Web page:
There answer is a resounding NO. There is a long standing belief engrained within the NY estate law that one should not benefit from the estate of someone they killed. In fact, there is an entire body of NY estate law called, “The Slayer Statute” discouraging individuals from murdering others for inheritance purposes. This doctrine dates back to 1889 where it was applied in the landmark case Riggs v. Palmer. Here a grandson was attempting to inherit his share of his grandfather’s estate. Unfortunately, the grandson, Mr. Palmer, was found guilty of murdering his grandfather. The Court in Riggs v. Palmer found that the grandson should be deprived of any benefit from his victim’s will, in this case the grandfather’s, by reason of his murder. And this is what NY estate lawyers have come to know as the “Slayer Statute” within the NY estate law. The court in Riggs v. Palmer further stated that no one shall be permitted to profit from an inheritance by his own fraud or wrongdoing. This construct was recently upheld in several NY estate law decisions which went so far as to broaden the application of its meaning.
In Matter of Edwards, a son-in-law convicted in the murder of his wife’s mother was barred from inheriting from her estate. Here, the offender killed the decedent while attempting to burglarize her house to purchase drugs. He was then convicted of murder and sent to jail. Soon after his conviction his wife, the daughter of the murdered victim, committed suicide. In a twist of circumstances the murderer would now be deemed the sole distributee of his mother-in-law’s estate by operation of law. When the daughter’s spouse killed the mother-in-law, the mother-in-law’s estate automatically vested in her daughter. Then, as soon as his wife committed suicide, the murderer would then stand to inherit his mother-in-law’s estate through the estate of his late wife. As neither the mother-in-law or wife of the murderer passed with a will, their intestate estates, when there’s no will, would fall to their next of kin. Very few NY estate lawyers would even appreciate the complexity and irony of these unusual circumstances. The Surrogate’s Court in Matter of Edwards, decided that while the murderer did not stand to benefit directly from his actions but only through his wife’s suicide, which he did not directly contribute to, he could still not be allowed to benefit from his underlying wrongdoing. The court decided that to permit the benefit in such circumstances would lead to an inequitable result.
In the Matter of Demesyeux, the mother of two 5-year-old children drowned them in a bathtub after social services repeatedly investigated her mental fitness as a mother but failed to remove the children from her care. Eventually the mother was found not guilty of drowning the two children by reason of insanity and was committed to a psychiatric institution. A lawsuit was eventually brought on behalf of the deceased children against Nassau County for their negligence in failing to remove the children from their mother’s custody. The lawsuit was eventually settled for $250,000.00. As the mother of the murdered children, she stood to inherit the lion share of the settlement. Additionally, because she was adjudicated not guilty by reason of insanity, she argued the “Slayer Statute”, which only includes intentional acts, insanity is not intentional, should not apply.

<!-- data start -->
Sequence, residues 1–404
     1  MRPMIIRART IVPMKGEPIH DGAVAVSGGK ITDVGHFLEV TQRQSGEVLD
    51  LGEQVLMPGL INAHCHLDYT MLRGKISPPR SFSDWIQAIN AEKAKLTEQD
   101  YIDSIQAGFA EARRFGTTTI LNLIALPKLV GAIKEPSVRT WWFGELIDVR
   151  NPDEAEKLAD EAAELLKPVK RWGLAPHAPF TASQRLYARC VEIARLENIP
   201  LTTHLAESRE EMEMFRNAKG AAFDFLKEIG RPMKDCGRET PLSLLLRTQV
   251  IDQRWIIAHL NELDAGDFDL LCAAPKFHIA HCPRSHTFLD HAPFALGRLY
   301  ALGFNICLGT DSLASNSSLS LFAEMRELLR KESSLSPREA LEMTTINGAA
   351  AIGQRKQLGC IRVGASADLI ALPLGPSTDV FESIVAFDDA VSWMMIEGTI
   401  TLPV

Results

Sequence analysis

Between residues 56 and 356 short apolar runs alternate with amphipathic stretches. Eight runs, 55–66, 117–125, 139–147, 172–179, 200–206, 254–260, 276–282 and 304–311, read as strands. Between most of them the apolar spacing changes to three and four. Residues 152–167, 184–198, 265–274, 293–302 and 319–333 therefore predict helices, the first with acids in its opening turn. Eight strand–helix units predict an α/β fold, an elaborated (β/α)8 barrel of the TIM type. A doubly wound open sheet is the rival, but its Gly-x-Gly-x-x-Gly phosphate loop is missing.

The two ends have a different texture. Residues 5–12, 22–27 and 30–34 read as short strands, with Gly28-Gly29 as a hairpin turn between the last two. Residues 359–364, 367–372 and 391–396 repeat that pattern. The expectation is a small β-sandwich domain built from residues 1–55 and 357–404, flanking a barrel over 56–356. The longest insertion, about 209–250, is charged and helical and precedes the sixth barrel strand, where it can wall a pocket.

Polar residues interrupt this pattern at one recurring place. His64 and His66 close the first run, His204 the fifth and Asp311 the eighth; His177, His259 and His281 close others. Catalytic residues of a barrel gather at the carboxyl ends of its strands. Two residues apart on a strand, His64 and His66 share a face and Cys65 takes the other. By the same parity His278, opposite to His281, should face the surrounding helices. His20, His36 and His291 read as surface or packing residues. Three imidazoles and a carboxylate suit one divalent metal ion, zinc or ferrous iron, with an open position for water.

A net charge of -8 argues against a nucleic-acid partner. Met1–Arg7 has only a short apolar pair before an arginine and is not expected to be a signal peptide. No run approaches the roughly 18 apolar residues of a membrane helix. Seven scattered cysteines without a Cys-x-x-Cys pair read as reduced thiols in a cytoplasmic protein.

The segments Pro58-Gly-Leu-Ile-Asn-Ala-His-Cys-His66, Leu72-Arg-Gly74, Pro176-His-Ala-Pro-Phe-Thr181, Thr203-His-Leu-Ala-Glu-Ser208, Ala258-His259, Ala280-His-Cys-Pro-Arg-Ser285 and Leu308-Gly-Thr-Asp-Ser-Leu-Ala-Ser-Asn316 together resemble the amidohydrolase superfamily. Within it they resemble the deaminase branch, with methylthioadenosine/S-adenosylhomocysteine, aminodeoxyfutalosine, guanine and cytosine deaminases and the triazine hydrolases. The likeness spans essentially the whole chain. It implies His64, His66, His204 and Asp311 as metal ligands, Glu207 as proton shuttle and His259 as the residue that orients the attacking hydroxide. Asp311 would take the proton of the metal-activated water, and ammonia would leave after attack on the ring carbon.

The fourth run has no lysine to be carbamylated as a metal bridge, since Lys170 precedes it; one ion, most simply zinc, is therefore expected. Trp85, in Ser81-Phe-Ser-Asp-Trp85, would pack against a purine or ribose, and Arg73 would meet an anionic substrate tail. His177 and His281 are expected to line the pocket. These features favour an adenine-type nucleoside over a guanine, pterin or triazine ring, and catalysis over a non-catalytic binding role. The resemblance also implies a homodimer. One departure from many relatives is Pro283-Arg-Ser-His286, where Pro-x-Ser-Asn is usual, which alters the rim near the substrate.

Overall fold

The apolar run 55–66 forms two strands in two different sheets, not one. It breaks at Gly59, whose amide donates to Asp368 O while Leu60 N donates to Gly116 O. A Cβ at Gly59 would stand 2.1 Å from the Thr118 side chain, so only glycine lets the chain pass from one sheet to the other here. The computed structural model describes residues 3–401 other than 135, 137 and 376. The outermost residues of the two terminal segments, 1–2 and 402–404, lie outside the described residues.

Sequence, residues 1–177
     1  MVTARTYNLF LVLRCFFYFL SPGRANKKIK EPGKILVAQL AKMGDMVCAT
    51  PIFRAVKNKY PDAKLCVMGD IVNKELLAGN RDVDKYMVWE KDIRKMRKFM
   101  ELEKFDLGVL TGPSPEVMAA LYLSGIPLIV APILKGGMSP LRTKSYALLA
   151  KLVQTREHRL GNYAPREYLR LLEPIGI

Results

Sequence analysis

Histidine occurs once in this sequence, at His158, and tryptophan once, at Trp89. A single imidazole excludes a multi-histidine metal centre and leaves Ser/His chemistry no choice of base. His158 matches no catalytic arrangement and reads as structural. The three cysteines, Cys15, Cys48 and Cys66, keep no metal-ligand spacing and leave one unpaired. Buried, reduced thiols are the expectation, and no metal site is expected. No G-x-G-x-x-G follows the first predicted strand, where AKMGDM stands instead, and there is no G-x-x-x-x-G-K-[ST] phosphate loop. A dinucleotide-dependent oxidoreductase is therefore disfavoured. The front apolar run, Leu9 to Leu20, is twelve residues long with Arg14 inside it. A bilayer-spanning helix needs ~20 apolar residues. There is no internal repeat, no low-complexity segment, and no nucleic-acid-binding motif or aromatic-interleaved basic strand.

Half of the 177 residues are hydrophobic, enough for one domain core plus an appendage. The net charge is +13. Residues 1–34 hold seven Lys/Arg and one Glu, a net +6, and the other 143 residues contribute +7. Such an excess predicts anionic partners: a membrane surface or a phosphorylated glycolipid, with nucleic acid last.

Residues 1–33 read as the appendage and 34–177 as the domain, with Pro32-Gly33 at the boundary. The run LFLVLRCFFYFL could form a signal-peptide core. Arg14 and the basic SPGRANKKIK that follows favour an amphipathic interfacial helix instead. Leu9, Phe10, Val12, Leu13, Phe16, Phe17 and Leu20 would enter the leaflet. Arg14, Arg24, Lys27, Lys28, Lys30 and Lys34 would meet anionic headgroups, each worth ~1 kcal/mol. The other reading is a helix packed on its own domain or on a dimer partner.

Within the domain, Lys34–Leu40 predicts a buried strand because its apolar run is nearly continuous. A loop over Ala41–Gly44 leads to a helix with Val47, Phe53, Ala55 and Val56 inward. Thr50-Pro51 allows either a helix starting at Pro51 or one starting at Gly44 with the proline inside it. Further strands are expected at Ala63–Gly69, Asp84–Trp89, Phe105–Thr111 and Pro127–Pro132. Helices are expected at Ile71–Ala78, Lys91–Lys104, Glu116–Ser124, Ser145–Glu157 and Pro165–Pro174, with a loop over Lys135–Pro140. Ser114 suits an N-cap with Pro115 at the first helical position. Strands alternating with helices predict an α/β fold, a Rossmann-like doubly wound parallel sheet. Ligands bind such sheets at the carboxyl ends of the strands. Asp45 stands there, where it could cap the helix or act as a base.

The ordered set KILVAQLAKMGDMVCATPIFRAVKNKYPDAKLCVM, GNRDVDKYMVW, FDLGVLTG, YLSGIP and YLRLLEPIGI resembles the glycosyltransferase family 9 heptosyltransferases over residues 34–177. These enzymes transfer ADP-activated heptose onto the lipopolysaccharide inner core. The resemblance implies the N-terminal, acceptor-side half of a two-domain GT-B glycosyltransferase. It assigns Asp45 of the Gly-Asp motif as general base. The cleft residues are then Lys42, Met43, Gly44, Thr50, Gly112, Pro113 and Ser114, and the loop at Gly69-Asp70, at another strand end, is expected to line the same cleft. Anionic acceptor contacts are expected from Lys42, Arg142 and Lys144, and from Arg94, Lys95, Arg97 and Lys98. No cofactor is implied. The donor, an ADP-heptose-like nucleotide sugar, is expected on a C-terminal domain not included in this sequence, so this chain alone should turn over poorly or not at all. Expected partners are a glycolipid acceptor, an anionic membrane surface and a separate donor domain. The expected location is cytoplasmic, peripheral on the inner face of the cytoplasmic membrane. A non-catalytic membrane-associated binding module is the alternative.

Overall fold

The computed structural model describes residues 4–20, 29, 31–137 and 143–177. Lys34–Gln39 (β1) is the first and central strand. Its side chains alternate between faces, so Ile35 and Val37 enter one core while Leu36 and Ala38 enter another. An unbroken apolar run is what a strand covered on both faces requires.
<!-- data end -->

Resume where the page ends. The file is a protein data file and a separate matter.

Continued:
The Nassau County Surrogate’s Court disagreed expanding the NY estate law’s “Slayer Statute”. The Court reasoned that a person found not responsible for a crime due to mental disease or defect who had the ability to recognize that her conduct was morally wrong when undertaken should not financially benefit from that action. The Court further reasoned, that “While not criminally accountable by virtue of her mental disease or defect, she is accountable in this court by virtue of possessing the requisite mens rea (intent) to cause the deaths of her children. Moreover, here there is a direct causal link between her wrongdoing and the benefit she seeks. The only (estate) funds are composed of the settlement proceeds from the wrongful death action. The fund only exists because of this mother’s wrongful conduct. But for her killing of her two children, there would be no funds to allocate.”
Any NY estate lawyer will tell you that when litigating estate issues the Surrogate’s Courts are courts of equity. Pursuant to the NY estate law, in Matter of Tran, it was stated that courts have broad discretion when deciding estate matters to ensure the just result is achieved even when the laws do not clearly support the outcome or are mixed at best. Here, even though the “Slayer Statute” did not specifically encompass the fact patterns in Matter of Edwards and Demesyeux above, the Courts were able and did in fact exercise their broad discretion to apply the law as it saw fit.
If you or someone you love is the heir to a NY estate, you may have rights under the NY estate law. Feel free to call an experienced NY kinship lawyer at The Law Offices of Jason W. Stern & Associates, at (718) 261-2444 for a free consultation. Our Queens NY estate lawyers have more than 50 years of combined NY estate law experience handling these often complex NY estate cases for heirs in the counties of Queens, New York, Kings, Bronx, Westchester, Rockland, Nassau, Richmond, Orange, Dutchess as well as in the State of New Jersey.